While we stew in confusion, we also watch helplessly as he destroys the environment, relations with allies, and the lives of desperate immigrants. He’s removed for many of us what little feeling of security we once might have had in a world that includes monsters like Putin. In short, Trump is stressing much of America, and likely shortening our lives right now, all by himself. He’s surely having much the same effect on millions worldwide. We do the world a great disservice by letting him continue, and the only moral and right thing to do seems to be to get him out of office as soon as possible, meanwhile limiting, curbing, and protesting loudly and constantly every step he takes that leads to more destruction. Occasionally he does something good, but these moments are so rare they can’t counterbalance the enormous amount of stress he causes.As I watch Congress react, I find most of them much too placid and not livid enough. I want them to get really angry (but not with weapons!) and stop all this destruction of so many facets of our country and our freedom we hold dear.

What he’s done to the environment alone is keeping many people up at night as we watch the horrors of climate change and species extinction multiply right in front of us. What we needed in these difficult times was a leader of extreme intellect and ability, and what we got was a thoughtless, largely incompetent (for this job), and strangely non-empathetic person, who seems to thrive on making people feel awful. He is not in the slightest prepared for the emergencies of climate change such as the moving northward of tropical diseases and the endangering of wilderness lands and wildlife. In general problem-solving he seems mostly unable or unwilling to think ahead more than a few minutes, which to me is one of the most frightening things about him.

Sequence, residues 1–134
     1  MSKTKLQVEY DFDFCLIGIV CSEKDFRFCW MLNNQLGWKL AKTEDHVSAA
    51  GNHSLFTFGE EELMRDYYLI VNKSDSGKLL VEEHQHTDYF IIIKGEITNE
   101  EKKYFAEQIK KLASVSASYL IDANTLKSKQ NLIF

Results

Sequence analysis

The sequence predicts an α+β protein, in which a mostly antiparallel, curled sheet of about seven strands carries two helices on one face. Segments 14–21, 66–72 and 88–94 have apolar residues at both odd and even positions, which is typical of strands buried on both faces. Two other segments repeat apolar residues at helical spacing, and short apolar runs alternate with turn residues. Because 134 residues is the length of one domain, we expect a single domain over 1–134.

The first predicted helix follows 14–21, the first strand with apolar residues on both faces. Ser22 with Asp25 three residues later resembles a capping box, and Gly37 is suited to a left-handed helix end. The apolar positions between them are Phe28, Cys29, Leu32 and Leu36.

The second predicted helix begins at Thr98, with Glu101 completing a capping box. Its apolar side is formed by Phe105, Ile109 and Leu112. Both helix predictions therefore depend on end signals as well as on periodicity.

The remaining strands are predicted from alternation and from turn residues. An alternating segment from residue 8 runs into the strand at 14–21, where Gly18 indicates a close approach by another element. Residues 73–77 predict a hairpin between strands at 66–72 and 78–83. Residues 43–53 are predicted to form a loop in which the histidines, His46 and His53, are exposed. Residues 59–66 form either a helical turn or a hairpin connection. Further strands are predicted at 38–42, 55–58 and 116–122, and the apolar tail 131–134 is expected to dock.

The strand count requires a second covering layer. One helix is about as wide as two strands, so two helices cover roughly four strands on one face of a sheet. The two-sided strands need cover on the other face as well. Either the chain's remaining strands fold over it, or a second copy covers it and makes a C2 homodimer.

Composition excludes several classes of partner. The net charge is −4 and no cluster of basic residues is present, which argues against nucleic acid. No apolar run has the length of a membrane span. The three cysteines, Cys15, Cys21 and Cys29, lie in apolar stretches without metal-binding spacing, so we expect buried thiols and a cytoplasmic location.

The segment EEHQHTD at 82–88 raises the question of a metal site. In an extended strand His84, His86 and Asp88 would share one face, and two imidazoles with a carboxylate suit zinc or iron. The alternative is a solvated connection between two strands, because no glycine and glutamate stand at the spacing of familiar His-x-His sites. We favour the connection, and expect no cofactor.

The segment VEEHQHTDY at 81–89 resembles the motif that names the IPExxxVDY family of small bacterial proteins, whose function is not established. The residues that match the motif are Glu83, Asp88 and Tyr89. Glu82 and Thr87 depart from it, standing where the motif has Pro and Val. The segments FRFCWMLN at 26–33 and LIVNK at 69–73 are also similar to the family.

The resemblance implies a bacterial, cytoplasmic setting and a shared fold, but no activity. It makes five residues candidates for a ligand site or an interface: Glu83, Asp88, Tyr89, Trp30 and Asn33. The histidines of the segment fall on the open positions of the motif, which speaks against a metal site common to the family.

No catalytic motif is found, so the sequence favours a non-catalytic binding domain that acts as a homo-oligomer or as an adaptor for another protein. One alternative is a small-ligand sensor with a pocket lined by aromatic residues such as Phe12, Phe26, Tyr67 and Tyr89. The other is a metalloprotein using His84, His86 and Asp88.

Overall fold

I’m stunned at how much he’s gotten away with so far, but to save what quality of life we might still be able to hold onto we need to take more and faster action. I beg Congress to act to repair the damage, and I beg us all to vote people into office who will do the same. Trump as we now know him simply seems too dangerous a choice as continuing leader for a country that needs to remain a beacon for the world. He doesn’t study, he doesn’t know history, and he doesn’t appear to make much use of the amazing brain power available to him. He thinks so highly of himself that he doesn’t think he needs to do any of those things I just listed, and that is not leading. A good leader prepares deeply and makes good things happen, or clearly tries to, and inspires and serves as a shining example to others. 

I realize many of Trump’s base may feel less stressed than before, but now that we understand better what their needs are, can we not help those people and address those issues without all this destructive fallout? Surely we have the ability and the smarts in this highly educated country to lift everyone in ways that we know they need but that don’t do this kind of harm in the process. But to do this we need a leader who is not mostly concerned with himself and his whims at the expense of the entire world. We need a leader devoted to undoing and stopping damage to the planet, to feeding, housing, caring for, and providing a better life for the poor and desperate in our country and in the world, and to helping others by building, with careful thought, study, consultation, and planning, the many systems and practices we need that are humane and good.